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-   -   questions about Sony FX1 and HD/HDV (http://www.dvinfo.net/forum/sony-hvr-z1-hdr-fx1/53381-questions-about-sony-fx1-hd-hdv.html)

Steve Witt October 26th, 2005 12:54 PM

questions about Sony FX1 and HD/HDV
 
OK, this camcorder (Sony FX1) has just recently grabbed my attention and I have not been researching HD/HDV at all yet til now so please bear with me.

My first question is; What is the difference between "HD" and "HDV"? Is there any difference or are these terms used interchangably.

second question; when it comes to the "HDV/DV switching feature" that this FX1 camera has.....is this as simple as it sounds. If I switch to regular DV, am I recording as if I have a regular Digital Video camera?? and if so...what kinda "quality" regular DV??

I am very close to buying a panasonic GS400 and I realize that these cameras (sony fx1 and panasonic gs400) are two entirely different animals.
But my thoughts are that if the FX1 is just as good in "standard DV mode" as the Panasonic GS400 quality, then I may go for the FX1 so when I am ready to dig into HDV I already have a camcorder with this feature.

Boyd Ostroff October 26th, 2005 01:34 PM

HDV is a highly compressed form of HD. Really too much to cover in a post, and there are plenty of articles which discuss it at length. Here's a good place to start: http://adamwilt.com/HDV/

Yes, you can simply change a menu setting and the FX1 will shoot standard DV. Even more interesting however, you can shoot HDV but set the firewire port to send DV. The camera does the downconversion on the fly as you playback a tape. This sort of gives you the best of both worlds with an HDV master tape that you can work with as standard DV.

I don't have a GS400 but I have a PDX10 which uses the same CCD's (or at least the specs are identical). I think there will be no contest here. The FX1 has native 16:9 shaped 1/3" chips which are substantially bigger than the GS400. It also has very nice manual controls and a lot of menu options to tweak the image.

You might also look at the Z1, which is the "pro" cousin of the FX1. See the following for a comparison:

http://www.hdvinfo.net/articles/sonyhdrfx1/compare.php

Steve Witt October 26th, 2005 01:43 PM

Boyd, I have to say I am very excited about this. your post brought good news. I am going to start checking out the links you provided. Thanks. I think I have read somewhere that HD is a lot better for compositing than SD like green screen chroma key. Is this the way you understand it. Thanks for the help Boyd.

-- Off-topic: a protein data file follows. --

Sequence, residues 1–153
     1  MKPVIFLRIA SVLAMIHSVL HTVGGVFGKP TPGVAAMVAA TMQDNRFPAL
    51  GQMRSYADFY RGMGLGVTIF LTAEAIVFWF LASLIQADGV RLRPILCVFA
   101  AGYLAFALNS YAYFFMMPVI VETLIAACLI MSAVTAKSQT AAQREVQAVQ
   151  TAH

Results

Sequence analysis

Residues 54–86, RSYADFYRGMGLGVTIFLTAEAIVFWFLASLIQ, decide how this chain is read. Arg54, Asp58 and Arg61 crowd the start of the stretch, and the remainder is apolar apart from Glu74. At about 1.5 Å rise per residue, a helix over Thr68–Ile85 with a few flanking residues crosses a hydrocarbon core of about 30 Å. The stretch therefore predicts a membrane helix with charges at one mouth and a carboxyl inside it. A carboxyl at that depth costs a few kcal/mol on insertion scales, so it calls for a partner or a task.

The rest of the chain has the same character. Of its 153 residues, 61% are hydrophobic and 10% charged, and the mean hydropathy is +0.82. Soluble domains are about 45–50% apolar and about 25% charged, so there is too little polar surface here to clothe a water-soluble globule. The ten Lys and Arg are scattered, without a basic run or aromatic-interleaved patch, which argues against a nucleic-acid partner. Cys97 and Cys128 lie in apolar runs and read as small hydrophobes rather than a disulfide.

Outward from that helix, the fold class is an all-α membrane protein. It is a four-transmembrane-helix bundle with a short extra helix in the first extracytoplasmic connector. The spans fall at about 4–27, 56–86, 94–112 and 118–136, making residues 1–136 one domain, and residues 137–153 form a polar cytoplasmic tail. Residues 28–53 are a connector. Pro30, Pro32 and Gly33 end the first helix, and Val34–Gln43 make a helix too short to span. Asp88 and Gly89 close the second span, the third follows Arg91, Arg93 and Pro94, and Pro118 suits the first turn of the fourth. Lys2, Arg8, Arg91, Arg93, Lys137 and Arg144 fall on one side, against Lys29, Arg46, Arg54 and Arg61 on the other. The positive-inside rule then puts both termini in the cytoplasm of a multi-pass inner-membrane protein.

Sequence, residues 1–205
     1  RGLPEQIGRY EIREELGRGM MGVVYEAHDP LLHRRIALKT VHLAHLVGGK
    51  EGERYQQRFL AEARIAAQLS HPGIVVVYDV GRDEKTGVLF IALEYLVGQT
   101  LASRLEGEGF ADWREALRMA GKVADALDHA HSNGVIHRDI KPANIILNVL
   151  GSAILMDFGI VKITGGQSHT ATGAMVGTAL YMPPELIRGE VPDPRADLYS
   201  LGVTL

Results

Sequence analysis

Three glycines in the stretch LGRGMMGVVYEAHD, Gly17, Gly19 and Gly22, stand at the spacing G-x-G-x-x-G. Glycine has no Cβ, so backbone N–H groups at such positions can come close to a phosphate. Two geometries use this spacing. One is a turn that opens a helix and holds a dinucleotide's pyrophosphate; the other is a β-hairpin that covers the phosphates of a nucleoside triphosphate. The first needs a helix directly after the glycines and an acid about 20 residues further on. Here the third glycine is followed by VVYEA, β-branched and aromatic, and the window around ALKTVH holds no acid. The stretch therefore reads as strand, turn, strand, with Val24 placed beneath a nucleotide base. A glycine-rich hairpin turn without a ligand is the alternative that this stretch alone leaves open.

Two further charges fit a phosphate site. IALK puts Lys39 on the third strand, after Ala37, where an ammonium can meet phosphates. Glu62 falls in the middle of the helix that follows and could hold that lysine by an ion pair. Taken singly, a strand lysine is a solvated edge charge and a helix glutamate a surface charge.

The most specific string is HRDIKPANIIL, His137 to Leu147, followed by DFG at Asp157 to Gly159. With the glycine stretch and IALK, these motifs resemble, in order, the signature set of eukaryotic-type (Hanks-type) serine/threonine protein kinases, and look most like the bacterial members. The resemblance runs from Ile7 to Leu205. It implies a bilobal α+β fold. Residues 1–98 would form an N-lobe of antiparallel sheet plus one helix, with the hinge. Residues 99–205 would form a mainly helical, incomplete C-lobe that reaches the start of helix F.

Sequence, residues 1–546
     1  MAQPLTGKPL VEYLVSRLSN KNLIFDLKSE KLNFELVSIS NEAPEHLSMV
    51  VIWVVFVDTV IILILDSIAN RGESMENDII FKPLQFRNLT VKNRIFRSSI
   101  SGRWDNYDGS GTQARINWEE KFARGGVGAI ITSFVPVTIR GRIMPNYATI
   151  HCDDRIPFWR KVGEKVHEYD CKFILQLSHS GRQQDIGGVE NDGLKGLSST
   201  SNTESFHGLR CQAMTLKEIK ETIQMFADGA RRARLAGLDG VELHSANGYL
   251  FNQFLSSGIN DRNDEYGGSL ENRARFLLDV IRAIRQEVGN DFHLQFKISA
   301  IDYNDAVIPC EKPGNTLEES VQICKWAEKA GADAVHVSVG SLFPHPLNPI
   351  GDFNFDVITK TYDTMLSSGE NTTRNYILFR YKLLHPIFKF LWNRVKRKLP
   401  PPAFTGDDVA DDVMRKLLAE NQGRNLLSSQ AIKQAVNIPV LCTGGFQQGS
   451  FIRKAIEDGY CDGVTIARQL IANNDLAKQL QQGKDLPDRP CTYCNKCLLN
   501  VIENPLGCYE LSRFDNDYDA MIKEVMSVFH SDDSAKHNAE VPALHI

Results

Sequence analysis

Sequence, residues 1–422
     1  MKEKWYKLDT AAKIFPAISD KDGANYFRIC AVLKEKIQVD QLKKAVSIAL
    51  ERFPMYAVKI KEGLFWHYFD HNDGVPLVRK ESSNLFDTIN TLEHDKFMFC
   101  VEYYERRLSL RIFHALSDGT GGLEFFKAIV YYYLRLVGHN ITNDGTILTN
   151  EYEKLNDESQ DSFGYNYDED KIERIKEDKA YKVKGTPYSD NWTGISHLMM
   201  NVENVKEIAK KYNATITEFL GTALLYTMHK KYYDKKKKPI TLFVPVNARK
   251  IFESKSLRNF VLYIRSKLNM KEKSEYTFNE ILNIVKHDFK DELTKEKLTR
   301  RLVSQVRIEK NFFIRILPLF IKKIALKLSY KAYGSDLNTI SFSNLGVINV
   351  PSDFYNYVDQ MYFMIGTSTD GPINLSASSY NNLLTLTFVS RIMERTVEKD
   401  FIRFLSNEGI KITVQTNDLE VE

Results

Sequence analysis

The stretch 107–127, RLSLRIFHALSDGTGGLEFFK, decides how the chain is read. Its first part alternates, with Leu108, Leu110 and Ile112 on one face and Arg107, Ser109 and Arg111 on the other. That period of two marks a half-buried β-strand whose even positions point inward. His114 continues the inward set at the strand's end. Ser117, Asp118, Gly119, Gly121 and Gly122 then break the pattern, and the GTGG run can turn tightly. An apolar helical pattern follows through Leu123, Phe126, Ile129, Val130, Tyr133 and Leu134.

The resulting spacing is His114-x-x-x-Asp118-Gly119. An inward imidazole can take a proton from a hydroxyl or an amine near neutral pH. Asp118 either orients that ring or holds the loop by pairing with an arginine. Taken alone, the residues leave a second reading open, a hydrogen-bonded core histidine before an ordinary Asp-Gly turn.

Boyd Ostroff October 26th, 2005 02:35 PM

Actually there are some threads here where people have complained about problems compositing HDV. I have no experience in this area personally. But the in-camera downconverted footage looks really nice to me. Seems like that would be cleaner than shooting with a regular DV camera, but this seems to be an area of ongoing debate.

Spend a little while browsing back through this forum for more insight.

Kevin Shaw October 26th, 2005 02:56 PM

Quote:

Originally Posted by Steve Witt
My first question is; What is the difference between "HD" and "HDV"? Is there any difference or are these terms used interchangably.

HD is a set of display options defined (in the US) by the ATSC specification, of which the two most common formats currently used are 720p and 1080i. HDV is one of several available recording formats designed to generate an HD image, and is more compressed than other HD recording formats like DVCProHD, HDCAM, etc. Some fans of the more expensive formats like to say that HDV isn't 'real' HD because of its compression, but neglect to mention that the formats they prefer are also significantly compressed. So HDV is to HD as apples are to fruit, or as DV is to SD.

Bryan McCullough October 26th, 2005 07:57 PM

Many tests have shown that shooting in HDV on the FX1/Z1 and downconverting in camera out through the FW port yields slightly better results that shooting in DV on the camera to begin with.

We shoot everything in HDV (with the FX1) and output DV for editing. We can come back and online an HD version at any time if we need to.

I've not yet done any compositing with HDV directly, but I have done quite a bit of green screen work with material shot in HDV and downconverted to DV in camera. It's been the same as working with stuff shot with my GL2.

Basically, the FX1 is a great SD camera and the HDV is just icing on the cake.

Sweet, sweet icing...

Eki Halkka November 6th, 2005 02:01 PM

Quote:

Originally Posted by Bryan McCullough
I've not yet done any compositing with HDV directly, but I have done quite a bit of green screen work with material shot in HDV and downconverted to DV in camera. It's been the same as working with stuff shot with my GL2.

HDV is excellent acquisition format for blue/greenscreen, if you're working on SD.

Here's how to do it: digitize the footage as native .mt2 file. From this, make an uncompressed standard definition copy using your NLE. I use Vegas, which gives excellent results.

What will happen, is that when scaling down in software, the blockiness of the 4:2:0 color sampling of HDV, as well as basicly all visible compression artifacts will be averaged out. The result looks spiffy!! In my side by side tests, it's slightly better than Digibeta, if one processes the footage correctly.

This is VERY different from using MiniDV conversion - the standard def being uncompressed is the key to perfect compositions.

I've gotten some rather good results when keying HD too, but not as good as in SD.

See this for more:
http://www.kolumbus.fi/erkki.halkka/...nd_keying.html

Edit: added the link

Bryan McCullough November 6th, 2005 09:18 PM

Thanks for the info!


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